Q: What are your feelings on the use of corporal punishment?
A: I am against it. I always will offer alternatives to spanking. In this society, it's not OK for one person to physically hurt another. If a teacher, principal or parent spanks a child, he's displaying the very action toward that child that he doesn't want the child to exhibit toward others.
Call it swatting, spanking, hitting, slapping, smacking, whacking, striking — it all equates to a big person hitting a little person. It's a mismatch. It's like a featherweight boxer in the ring with a heavyweight.
If it's not right for Big Sister to hit Little Brother, why would it be OK for Daddy or Mommy to hit a child? With unwanted aggression in schools, it doesn't seem justified that a child could be physically punished for misbehavior by a principal or teacher. It's a double standard that sets a poor example, plus it's confusing to the child.
If parents and school personnel spank a child who presents problem behavior, it follows that the child, when confronted with a problem, will hit, swat, strike or push the person presenting the problem. Parents and school personnel need to model ways to manage people through negotiation, problem-solving and compromise rather than through aggressive means.
Some parents say, "I was spanked and turned out OK." In homes where kids were spanked, but ended up well-disciplined and mentally healthy, there likely was a preponderance of alternative forms of positive disciplinary techniques that negated the effects of spanking. The child turned out all right despite the fact he was spanked, not because of it.
Spanking is an external control and strikes fear in the child. Parents and teachers need to provide control and supervision until children develop self-control. Holding, containing, stepping near or between children provides such control.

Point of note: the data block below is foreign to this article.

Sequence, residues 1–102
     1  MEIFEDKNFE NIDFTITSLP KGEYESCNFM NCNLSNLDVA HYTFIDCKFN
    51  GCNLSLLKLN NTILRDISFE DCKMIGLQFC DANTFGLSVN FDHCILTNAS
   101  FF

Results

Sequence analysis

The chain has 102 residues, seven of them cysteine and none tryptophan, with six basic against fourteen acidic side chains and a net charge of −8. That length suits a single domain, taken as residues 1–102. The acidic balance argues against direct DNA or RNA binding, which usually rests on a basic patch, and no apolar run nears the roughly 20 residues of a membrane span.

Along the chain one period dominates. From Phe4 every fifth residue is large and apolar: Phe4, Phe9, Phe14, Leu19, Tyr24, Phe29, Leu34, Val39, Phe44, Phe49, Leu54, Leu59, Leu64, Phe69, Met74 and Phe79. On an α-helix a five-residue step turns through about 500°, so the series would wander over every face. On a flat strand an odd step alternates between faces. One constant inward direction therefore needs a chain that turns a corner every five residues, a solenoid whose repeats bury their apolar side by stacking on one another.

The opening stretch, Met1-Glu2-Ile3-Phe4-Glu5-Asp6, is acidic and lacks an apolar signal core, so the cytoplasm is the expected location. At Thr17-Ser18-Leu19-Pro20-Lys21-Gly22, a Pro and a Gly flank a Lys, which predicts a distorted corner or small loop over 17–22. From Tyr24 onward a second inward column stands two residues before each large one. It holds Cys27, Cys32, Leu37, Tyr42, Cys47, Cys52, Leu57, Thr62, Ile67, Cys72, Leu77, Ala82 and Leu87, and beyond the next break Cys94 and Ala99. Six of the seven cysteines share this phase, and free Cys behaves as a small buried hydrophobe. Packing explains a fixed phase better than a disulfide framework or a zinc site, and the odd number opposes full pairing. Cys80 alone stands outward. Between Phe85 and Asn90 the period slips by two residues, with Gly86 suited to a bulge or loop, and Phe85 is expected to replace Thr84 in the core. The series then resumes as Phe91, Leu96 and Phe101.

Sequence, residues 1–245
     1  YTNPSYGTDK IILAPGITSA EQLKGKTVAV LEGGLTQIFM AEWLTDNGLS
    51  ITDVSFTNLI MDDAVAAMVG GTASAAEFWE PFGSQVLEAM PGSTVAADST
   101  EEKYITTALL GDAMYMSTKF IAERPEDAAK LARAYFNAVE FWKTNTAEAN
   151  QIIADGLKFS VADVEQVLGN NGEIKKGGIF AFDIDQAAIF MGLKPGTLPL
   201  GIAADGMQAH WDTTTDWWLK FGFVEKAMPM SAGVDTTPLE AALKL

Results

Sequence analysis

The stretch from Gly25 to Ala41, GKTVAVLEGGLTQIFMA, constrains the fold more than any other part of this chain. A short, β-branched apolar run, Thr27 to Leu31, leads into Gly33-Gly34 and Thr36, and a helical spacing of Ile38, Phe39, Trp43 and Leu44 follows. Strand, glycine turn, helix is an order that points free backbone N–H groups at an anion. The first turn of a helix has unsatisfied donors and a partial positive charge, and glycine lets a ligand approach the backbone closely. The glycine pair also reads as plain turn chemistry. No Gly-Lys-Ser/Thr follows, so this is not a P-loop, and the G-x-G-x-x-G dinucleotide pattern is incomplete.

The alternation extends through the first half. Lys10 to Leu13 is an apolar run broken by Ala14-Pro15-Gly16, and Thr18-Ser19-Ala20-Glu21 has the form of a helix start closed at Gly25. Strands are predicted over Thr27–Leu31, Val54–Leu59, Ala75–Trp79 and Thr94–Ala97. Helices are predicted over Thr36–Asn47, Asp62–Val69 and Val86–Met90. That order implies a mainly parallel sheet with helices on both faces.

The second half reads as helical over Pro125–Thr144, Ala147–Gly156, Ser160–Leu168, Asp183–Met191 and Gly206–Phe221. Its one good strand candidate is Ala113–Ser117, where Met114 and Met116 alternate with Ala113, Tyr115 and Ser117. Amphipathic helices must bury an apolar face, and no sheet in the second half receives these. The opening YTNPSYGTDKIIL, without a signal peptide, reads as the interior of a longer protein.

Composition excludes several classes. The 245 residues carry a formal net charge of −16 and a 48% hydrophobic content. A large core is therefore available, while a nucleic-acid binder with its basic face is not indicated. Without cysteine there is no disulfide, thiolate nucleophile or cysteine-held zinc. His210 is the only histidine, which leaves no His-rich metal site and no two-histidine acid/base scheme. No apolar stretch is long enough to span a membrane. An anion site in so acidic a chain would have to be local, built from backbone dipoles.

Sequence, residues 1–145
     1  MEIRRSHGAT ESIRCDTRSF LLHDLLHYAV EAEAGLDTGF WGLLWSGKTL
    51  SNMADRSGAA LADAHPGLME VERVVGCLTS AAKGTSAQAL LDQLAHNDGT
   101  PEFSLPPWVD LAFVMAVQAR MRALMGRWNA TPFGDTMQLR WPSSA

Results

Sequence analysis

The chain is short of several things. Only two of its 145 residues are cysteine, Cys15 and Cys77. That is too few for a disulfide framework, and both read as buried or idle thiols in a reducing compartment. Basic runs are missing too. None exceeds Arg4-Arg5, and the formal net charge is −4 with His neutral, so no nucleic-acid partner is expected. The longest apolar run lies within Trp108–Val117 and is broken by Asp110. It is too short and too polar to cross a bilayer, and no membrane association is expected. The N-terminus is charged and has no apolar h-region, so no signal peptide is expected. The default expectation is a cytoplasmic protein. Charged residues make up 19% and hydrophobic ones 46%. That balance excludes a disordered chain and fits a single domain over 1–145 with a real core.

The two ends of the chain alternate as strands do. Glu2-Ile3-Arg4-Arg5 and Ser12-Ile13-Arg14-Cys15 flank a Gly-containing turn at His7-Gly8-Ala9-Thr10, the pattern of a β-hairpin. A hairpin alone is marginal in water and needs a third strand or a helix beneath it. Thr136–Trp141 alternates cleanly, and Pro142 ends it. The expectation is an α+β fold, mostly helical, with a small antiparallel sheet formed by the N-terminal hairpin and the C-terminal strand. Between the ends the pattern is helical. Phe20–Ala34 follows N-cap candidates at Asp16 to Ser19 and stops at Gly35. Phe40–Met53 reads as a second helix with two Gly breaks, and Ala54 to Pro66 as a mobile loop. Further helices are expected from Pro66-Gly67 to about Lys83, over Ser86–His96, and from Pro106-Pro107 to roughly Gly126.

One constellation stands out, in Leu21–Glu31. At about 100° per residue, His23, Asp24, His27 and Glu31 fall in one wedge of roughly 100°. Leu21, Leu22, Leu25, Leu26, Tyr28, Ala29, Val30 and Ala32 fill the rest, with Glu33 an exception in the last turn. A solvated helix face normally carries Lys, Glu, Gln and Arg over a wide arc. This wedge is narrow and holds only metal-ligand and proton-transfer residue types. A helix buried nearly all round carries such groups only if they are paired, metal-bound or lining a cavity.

Many parents claim that spanking works: "My child ran in the street. I spanked her, and she never did it again." Of course, it's important to stop a child from running in the street by seizing her while firming saying, "No! I can't allow you to run into the street," but why swat her? It would be even better to hold the child's hand, not giving her the opportunity to run away.
Quite often the child who is spanked wallows in self-loathing. Let's say a 3-year-old child runs across the street. He wasn't being naughty, just curious — he wanted a closer look at a fire hydrant. Nevertheless, the parent grabs and swats him. The child ends up feeling terrible about himself for his impulsive need to satisfy his curiosity.
In this situation, it's the parents who should be scolded for allowing the child the opportunity to dash away. Until a child develops self-control, it's the parents' responsibility to teach, train, guide and monitor the child's actions.
If parents decide not to spank, it's critical that they have alternative options for discipline. Some parents decide not to spank but don't know what to do instead, so their children end up with few limits, rules or consequences for inappropriate behavior. Permissive parenting ensues, which doesn't serve children well, either.
When a child misbehaves, a parent can move toward the child, reprimand her or offer appropriate guidance. Then the parent needs to stay near the child until she displays the desired behavior. The parent, however, refrains from spanking. By doing so, the parent demonstrates strength, commitment, consistency and determination without modeling physical aggression.
Jan Faull, a specialist in child development and behavior, answers questions of general interest in her column. You can e-mail her at email@example.com or write to: Jan Faull, c/o Families, The Seattle Times, P.O. Box 70, Seattle, WA 98111.
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